Chris Christie Calls Listener a "Bum" on Sports Radio Show
While filling in for host Mike Francesa on New York's WFAN, the New Jersey governor was criticized by local callers for Beachgate and his support of President Trump.
With a new poll showing voters are disgusted and outraged that New Jersey Gov. Chris Christie sunned himself on a closed beach during a government shutdown last week, the term-limited governor auditioned for a sports talk radio job on Monday, brashly fighting back against angry callers.
Christie, a Republican, began co-hosting the afternoon show on New York's WFAN shortly after the first poll released since Beachgate showed his approval rating holding steady at a dismal 15 percent, an all-time low. Eighty percent of respondents disapproved, the Monmouth University poll showed.
Christie brushed aside any potential concern about flagging public opinion.
"The later you get in your term, the less you care," he said on the air. "You're not running for re-election."
The New Jersey governor, a big New York Mets fan, revealed that he had donned a Mets T-shirt, shorts and hat the day an NJ.com photographer in an airplane snapped pictures of him lounging in a beach chair at Island Beach State Park, which was off-limits to the public.
New Jersey doesn't have its own Major League Baseball team, and fans in the state split their loyalties mostly among the Mets, the New York Yankees and the Philadelphia Phillies.
Christie, who is also a Dallas Cowboys fan, is filling in for host Mike Francesa on WFAN on Monday afternoon and Tuesday afternoon. The station said the appearances are an audition as it seeks a replacement for Francesa, who is departing.
Christie frequently serves as a fill-in host on the station, tangling with callers over sports and politics. About an hour into Monday's four-hour show, two men from a largely liberal New Jersey town that voted against Christie twice called in between conversations about his fantasy baseball team and the New York Knicks.
One told Christie he had done a "horrible job" and asked what he thought of the job being done by President Donald Trump, a longtime friend whom Christie endorsed after ending his own presidential campaign.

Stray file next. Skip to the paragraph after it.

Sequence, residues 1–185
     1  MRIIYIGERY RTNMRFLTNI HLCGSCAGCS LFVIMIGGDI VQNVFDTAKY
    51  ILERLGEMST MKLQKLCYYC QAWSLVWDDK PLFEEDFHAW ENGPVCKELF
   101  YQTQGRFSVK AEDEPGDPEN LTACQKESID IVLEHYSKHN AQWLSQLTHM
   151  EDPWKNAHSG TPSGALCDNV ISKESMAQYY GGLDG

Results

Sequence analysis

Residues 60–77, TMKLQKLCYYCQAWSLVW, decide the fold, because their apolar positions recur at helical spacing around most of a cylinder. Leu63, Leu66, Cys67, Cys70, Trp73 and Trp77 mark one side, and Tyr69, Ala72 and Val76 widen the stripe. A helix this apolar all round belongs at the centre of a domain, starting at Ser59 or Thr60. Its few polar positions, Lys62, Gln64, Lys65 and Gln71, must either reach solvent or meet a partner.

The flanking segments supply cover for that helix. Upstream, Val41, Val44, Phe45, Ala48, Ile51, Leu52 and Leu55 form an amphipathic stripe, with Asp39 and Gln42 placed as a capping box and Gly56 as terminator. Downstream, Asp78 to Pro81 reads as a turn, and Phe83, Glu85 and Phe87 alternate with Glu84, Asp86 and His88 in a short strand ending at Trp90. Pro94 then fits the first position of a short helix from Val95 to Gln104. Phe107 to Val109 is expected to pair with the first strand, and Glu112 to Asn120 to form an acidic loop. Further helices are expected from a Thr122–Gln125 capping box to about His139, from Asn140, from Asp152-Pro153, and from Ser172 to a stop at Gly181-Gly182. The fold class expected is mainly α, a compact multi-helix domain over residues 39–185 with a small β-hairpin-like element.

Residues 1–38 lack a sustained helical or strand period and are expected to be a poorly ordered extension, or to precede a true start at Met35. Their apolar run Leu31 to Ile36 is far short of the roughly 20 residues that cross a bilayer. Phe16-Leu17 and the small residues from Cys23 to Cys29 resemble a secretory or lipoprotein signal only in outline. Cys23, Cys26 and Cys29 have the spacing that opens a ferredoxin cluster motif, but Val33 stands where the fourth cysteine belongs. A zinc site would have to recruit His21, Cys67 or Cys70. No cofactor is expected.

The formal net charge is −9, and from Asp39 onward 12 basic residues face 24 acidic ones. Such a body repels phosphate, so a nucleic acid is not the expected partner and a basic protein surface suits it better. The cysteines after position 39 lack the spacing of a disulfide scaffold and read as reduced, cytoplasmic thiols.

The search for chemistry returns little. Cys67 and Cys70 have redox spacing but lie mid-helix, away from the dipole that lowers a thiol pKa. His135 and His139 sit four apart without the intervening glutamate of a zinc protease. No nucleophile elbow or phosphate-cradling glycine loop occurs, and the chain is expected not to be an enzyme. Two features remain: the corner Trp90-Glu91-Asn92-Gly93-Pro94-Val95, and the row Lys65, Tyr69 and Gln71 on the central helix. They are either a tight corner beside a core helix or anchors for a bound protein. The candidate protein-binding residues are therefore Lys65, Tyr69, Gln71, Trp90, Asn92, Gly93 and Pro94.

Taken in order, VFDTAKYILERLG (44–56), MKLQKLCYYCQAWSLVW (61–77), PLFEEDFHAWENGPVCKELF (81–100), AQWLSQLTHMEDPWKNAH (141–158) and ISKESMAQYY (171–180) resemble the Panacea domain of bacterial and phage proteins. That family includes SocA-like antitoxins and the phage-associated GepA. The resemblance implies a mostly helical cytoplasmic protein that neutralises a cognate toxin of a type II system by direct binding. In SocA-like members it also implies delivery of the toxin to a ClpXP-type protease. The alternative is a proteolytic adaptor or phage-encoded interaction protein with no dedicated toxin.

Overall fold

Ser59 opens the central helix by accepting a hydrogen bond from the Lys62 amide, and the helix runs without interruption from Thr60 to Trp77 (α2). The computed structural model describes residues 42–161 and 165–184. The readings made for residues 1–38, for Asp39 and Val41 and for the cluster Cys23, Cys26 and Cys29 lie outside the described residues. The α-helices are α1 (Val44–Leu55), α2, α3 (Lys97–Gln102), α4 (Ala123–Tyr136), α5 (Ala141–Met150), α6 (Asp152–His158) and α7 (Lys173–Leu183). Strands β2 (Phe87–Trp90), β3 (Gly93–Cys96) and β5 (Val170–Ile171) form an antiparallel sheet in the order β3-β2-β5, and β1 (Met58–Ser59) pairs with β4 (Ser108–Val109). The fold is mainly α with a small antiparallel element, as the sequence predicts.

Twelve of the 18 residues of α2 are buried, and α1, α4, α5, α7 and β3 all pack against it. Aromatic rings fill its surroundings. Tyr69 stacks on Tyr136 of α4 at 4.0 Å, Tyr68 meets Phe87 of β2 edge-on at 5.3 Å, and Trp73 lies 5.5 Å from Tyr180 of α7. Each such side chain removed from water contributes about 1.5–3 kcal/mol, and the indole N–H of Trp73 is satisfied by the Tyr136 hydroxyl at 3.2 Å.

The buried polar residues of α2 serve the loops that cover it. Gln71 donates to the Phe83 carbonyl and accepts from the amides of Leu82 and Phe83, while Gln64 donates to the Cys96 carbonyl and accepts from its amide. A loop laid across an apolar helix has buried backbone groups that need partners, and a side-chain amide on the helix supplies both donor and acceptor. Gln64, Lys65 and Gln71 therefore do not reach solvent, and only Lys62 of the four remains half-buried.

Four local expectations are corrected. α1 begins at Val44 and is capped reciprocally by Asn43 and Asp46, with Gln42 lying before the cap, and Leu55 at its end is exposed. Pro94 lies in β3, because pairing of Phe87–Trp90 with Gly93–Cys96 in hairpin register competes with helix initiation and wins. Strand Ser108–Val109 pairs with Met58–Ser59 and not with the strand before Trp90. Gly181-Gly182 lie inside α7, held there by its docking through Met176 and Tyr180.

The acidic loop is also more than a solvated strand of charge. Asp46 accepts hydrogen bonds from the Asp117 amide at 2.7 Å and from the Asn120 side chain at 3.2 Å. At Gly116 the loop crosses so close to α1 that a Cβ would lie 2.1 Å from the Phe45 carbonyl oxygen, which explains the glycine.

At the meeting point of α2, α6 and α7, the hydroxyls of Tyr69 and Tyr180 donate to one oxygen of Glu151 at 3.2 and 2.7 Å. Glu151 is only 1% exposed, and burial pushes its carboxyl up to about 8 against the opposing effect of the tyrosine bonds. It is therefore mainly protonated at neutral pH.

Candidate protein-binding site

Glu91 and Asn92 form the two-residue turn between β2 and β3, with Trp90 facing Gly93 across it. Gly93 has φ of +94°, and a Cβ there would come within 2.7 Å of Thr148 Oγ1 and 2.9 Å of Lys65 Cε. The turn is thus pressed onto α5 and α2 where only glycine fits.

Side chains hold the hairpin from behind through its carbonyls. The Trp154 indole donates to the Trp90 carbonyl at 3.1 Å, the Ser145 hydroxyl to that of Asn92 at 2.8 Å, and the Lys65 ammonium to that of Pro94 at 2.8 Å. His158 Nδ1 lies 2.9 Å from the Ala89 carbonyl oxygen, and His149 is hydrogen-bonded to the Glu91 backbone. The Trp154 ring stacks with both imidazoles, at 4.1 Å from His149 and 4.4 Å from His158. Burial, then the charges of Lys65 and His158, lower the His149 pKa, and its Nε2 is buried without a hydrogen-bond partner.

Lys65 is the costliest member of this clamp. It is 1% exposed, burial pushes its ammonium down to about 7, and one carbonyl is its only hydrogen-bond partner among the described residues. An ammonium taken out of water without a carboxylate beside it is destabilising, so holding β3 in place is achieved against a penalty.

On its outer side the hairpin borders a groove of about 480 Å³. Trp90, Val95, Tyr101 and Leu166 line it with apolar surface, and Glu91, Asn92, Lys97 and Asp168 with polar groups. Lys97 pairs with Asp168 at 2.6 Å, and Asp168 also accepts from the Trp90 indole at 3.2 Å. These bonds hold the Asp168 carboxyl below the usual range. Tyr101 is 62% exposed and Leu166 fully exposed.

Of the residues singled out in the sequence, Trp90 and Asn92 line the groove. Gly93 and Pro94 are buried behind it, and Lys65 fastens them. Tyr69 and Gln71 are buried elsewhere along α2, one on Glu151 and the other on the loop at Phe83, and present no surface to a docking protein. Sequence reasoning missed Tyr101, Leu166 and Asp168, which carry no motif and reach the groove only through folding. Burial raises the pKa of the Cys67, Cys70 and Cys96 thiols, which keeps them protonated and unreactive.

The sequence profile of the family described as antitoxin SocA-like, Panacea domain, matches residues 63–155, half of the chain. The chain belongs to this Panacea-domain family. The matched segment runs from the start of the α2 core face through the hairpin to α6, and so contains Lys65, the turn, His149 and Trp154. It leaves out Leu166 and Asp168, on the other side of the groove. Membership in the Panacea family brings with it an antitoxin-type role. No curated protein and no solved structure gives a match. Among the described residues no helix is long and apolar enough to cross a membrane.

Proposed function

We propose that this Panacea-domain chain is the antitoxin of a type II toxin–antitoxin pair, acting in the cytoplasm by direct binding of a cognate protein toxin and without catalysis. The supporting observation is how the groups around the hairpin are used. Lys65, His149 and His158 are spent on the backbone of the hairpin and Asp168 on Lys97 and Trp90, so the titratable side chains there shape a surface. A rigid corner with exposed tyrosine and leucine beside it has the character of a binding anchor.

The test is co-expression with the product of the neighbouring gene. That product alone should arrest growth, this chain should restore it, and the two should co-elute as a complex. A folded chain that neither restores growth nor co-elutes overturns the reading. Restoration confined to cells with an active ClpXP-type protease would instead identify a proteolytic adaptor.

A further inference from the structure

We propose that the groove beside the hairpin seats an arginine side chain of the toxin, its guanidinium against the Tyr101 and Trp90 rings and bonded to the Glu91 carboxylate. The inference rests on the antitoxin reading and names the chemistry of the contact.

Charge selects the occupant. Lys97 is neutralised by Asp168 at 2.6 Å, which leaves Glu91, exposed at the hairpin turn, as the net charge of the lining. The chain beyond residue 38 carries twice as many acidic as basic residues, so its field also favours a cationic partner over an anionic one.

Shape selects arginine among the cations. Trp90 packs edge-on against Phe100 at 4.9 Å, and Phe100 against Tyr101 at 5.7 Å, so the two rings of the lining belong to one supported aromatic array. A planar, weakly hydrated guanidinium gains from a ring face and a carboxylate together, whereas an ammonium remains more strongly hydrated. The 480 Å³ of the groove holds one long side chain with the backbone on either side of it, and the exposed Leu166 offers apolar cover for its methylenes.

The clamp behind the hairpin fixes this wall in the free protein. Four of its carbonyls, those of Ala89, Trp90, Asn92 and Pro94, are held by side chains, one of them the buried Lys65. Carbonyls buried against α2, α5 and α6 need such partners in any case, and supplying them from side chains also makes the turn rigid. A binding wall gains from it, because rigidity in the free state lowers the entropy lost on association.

"I'm enormously relieved we don't have a criminal in the White House like Hillary Clinton," Christie said.
Another caller referred to Christie, who is portly, as a "fat ass" and said he should have driven to another beach.
"I'm not the one who came on the air and swore on the air," Christie said. "You're a bum."
Christie's co-host for the day defended the caller's right to use the vulgar phrase on the air.
In the Monmouth poll, released Monday, 800 people were asked for the first word that came to mind to describe how they felt about Christie in the beach photos. Most said "disgusted" and "angry, outraged." Tied for the next biggest share was "jerk, profanity used."
Eighty-six percent of the respondents in the Monmouth poll said they saw the July 2 photos of Christie with his family on the closed beach.
Christie later told reporters at a news conference that he hadn't gotten any sun that day. Christie's spokesman, when told of the photos, told NJ.com that the governor was telling the truth because he was wearing a baseball hat.
While the budget impasse that led to the government shutdown was caused by a dispute between Christie and the Democrat-led legislature, it was the beach photos that made the most news, leading to headlines around the world and memes across the internet.
Christie refused to apologize for it and said he doesn't care about "political optics."
This week's news won't be much better for Christie.
Christie ally David Wildstein, who pleaded guilty to masterminding lane closures on the George Washington Bridge to create traffic jams as punishment for a Democratic mayor who wouldn't endorse Christie, is set to be sentenced Wednesday. And the Senate is holding a hearing the same day on Trump's FBI pick, Christopher Wray, who represented Christie during the bridge investigation.
Christie denied any prior knowledge of the bridge scheme and was never charged. His former deputy chief of staff and one of his appointees to the Port Authority of New York and New Jersey were convicted.